Interpol : London Astoria

Would you die for this band? It's a simple enough question.

Since NME’s first encounter with Interpol they’ve transformed themselves utterly. Once there was a beguiling series of intense vignettes powered by waterfalls of chiming guitars and frontman Paul Banks’ emotive affected vocals. You had to love the suits and the haircuts – but it was the music that reverberated with an untarnished glory. Sure some tutting critics muttered something about Joy Division – but as of now, that’s redundant. Because where once these four New Yorkers teetered on the brink of eternal cultdum – a band adored by a coterie of knowing, smoking fans – tonight sees the transformation to stars complete.

They hit the stage of the Astoria headlining a mere two months after playing third on the bill at the NME Awards Tour. And ‘Untitled’ is as delicate as ever, chiming guitar floating like gossamer in the breeze, Paul’s unique croon gently shattering hearts: “Oh, I will surprise you sometime. I’ll come around when you’re down…” He ends it crouched at the front of the stage. Vulnerable. And from there on it’s a walkover.

The band have picked over the gaudy cliches of rock, cherry-picking and subverting the parts that suit (ha!) them. Where before the glacier cool of the songs dictated everything that grew from it, Interpol have blossomed into a full on rock machine. Bassist Carlos has always been the most active performer, but now his head-shaking on a muscular ‘Stella Was A Diver And She Was Always Down’ sees him wielding his fringe as weapon. Guitarist Daniel Kessler’s knowing sidelong poses have been augmented with sudden dramatic drops to his knees and – careful now – a solitary rock jump during the charged sexy grind of current single ‘Say Hello To the Angels’.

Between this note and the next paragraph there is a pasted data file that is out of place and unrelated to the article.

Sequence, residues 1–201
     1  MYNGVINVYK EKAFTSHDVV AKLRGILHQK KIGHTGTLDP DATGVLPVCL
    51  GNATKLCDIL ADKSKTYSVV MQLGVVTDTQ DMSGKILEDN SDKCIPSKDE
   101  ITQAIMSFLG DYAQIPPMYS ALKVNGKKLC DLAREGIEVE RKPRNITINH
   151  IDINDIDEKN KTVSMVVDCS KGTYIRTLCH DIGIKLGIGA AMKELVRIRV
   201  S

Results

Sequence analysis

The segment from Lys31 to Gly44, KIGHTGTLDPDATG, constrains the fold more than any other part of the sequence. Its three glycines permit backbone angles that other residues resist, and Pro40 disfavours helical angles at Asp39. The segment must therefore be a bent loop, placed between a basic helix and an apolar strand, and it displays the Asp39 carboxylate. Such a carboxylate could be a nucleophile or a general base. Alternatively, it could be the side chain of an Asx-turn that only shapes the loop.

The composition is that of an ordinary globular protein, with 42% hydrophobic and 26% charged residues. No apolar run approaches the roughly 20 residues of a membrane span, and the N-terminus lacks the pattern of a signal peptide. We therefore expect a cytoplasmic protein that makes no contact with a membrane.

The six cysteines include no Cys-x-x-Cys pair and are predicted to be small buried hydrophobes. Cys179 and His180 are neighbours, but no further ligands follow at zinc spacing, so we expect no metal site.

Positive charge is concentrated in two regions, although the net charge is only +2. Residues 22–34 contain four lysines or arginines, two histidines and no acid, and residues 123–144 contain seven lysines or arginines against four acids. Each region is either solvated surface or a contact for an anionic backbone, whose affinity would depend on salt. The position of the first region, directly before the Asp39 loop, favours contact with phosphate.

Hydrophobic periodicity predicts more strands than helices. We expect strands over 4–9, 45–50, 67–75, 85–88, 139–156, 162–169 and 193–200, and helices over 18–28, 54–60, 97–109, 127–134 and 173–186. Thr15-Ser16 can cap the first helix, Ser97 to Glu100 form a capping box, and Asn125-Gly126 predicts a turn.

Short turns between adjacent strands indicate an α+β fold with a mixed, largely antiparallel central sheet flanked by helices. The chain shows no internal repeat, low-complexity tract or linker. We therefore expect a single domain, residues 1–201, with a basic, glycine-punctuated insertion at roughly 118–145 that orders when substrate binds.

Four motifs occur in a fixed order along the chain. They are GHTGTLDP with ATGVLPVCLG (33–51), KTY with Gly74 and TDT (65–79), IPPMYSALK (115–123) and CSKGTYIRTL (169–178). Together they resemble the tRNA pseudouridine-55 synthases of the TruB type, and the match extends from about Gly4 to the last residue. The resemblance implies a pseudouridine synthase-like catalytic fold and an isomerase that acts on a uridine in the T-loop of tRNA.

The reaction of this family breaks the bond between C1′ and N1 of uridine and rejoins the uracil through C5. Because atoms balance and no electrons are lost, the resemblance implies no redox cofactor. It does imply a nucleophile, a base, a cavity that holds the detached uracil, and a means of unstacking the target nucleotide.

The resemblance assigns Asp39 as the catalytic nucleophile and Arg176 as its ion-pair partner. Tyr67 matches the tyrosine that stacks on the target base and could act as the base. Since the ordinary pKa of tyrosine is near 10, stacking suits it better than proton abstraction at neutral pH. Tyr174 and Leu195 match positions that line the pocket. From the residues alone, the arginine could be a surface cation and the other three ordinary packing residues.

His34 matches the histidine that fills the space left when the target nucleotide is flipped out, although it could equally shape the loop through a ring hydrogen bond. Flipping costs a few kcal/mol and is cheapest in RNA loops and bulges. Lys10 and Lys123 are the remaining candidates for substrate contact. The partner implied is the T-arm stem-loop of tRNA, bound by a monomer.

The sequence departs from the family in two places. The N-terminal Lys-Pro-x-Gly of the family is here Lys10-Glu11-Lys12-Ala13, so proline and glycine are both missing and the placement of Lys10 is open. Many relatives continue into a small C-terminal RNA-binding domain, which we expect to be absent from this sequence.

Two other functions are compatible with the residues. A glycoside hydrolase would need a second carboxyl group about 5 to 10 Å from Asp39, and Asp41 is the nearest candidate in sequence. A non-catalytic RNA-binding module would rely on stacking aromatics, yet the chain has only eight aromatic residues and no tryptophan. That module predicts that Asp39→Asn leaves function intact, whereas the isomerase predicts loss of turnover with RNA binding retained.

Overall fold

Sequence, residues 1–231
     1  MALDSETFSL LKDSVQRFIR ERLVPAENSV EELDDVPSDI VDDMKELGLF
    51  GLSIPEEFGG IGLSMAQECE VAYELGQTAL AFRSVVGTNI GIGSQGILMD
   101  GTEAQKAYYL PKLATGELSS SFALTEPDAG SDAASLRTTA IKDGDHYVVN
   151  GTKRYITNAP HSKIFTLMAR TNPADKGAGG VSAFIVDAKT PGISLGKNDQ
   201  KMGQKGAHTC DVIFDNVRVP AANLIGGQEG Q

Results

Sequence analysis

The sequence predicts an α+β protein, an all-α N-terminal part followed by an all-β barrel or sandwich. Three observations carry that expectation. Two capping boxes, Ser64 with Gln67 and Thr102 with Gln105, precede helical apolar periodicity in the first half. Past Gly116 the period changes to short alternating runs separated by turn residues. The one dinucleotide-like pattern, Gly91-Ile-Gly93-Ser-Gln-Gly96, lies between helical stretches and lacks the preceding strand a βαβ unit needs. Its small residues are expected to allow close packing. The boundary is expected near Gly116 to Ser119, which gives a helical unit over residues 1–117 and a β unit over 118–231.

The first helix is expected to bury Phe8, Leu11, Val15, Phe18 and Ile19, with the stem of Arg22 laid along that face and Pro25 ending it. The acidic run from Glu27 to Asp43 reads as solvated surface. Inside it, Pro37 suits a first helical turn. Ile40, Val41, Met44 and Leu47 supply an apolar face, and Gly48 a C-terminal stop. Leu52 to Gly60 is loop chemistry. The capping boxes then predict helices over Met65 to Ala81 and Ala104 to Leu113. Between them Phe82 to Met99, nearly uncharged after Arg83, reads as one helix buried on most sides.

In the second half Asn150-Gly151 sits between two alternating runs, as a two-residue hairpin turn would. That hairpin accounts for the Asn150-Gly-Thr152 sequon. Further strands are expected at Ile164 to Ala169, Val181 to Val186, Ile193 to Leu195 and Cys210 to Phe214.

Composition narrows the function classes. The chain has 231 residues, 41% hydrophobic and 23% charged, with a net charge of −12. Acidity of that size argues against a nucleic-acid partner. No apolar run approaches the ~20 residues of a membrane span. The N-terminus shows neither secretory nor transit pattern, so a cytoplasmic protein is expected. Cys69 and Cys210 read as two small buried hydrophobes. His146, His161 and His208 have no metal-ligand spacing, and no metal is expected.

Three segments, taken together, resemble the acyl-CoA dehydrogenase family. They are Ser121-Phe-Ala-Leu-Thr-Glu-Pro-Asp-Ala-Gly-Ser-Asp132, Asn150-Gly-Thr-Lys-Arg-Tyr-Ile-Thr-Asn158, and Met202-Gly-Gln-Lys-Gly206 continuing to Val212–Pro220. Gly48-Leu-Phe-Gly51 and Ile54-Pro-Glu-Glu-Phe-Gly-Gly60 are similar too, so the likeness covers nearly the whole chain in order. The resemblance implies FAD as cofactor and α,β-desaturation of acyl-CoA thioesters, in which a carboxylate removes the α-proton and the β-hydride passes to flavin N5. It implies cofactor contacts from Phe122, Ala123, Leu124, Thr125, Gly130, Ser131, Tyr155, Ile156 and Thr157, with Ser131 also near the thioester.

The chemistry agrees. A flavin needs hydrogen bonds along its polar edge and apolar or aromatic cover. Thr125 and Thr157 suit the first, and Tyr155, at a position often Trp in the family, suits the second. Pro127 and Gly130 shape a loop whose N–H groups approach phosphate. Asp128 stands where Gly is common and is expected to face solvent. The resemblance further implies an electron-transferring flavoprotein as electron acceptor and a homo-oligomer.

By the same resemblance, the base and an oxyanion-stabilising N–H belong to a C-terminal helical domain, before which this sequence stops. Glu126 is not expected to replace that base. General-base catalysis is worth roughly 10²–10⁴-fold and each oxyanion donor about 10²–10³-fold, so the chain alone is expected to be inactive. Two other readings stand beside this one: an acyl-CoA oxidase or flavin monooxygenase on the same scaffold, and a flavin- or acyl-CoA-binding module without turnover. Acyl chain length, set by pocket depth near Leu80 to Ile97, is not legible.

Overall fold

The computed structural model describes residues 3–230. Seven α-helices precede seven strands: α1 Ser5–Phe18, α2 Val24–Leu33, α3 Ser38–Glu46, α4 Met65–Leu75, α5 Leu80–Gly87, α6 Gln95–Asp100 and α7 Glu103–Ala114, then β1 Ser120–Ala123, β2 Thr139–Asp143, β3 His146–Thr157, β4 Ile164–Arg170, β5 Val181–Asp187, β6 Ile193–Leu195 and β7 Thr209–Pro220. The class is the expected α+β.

Even Paul’s enigmatic icy demeanour has thawed. A little. Stiffly but stylishly cloaked in midnight threads brings focus on Paul’s Burberry scarf tied fashionable. His statuesque delivery is even more strangely moving.

And smoking? Jesus, the government may have banned cigarette advertising, but Interpol are on a mission to make sure that sales remain constant. There’s a point when even drummer Sam Fogarino manages a fag, and fuck knows how do you do that when both your hands are in use.

But would you die for this band? Because after a final blazing ‘Obstacle 2’ they’re a band that demand that amount of conviction. Like classic bands from The Stone Roses, through the Pixies and back to the Velvet Underground, Interpol inspire the heart, feet and intellect in equal measure. They don’t just do something as tawdry as just play songs: they create a whole world. And it’s a world you’d do well to become part of.

Anthony Thornton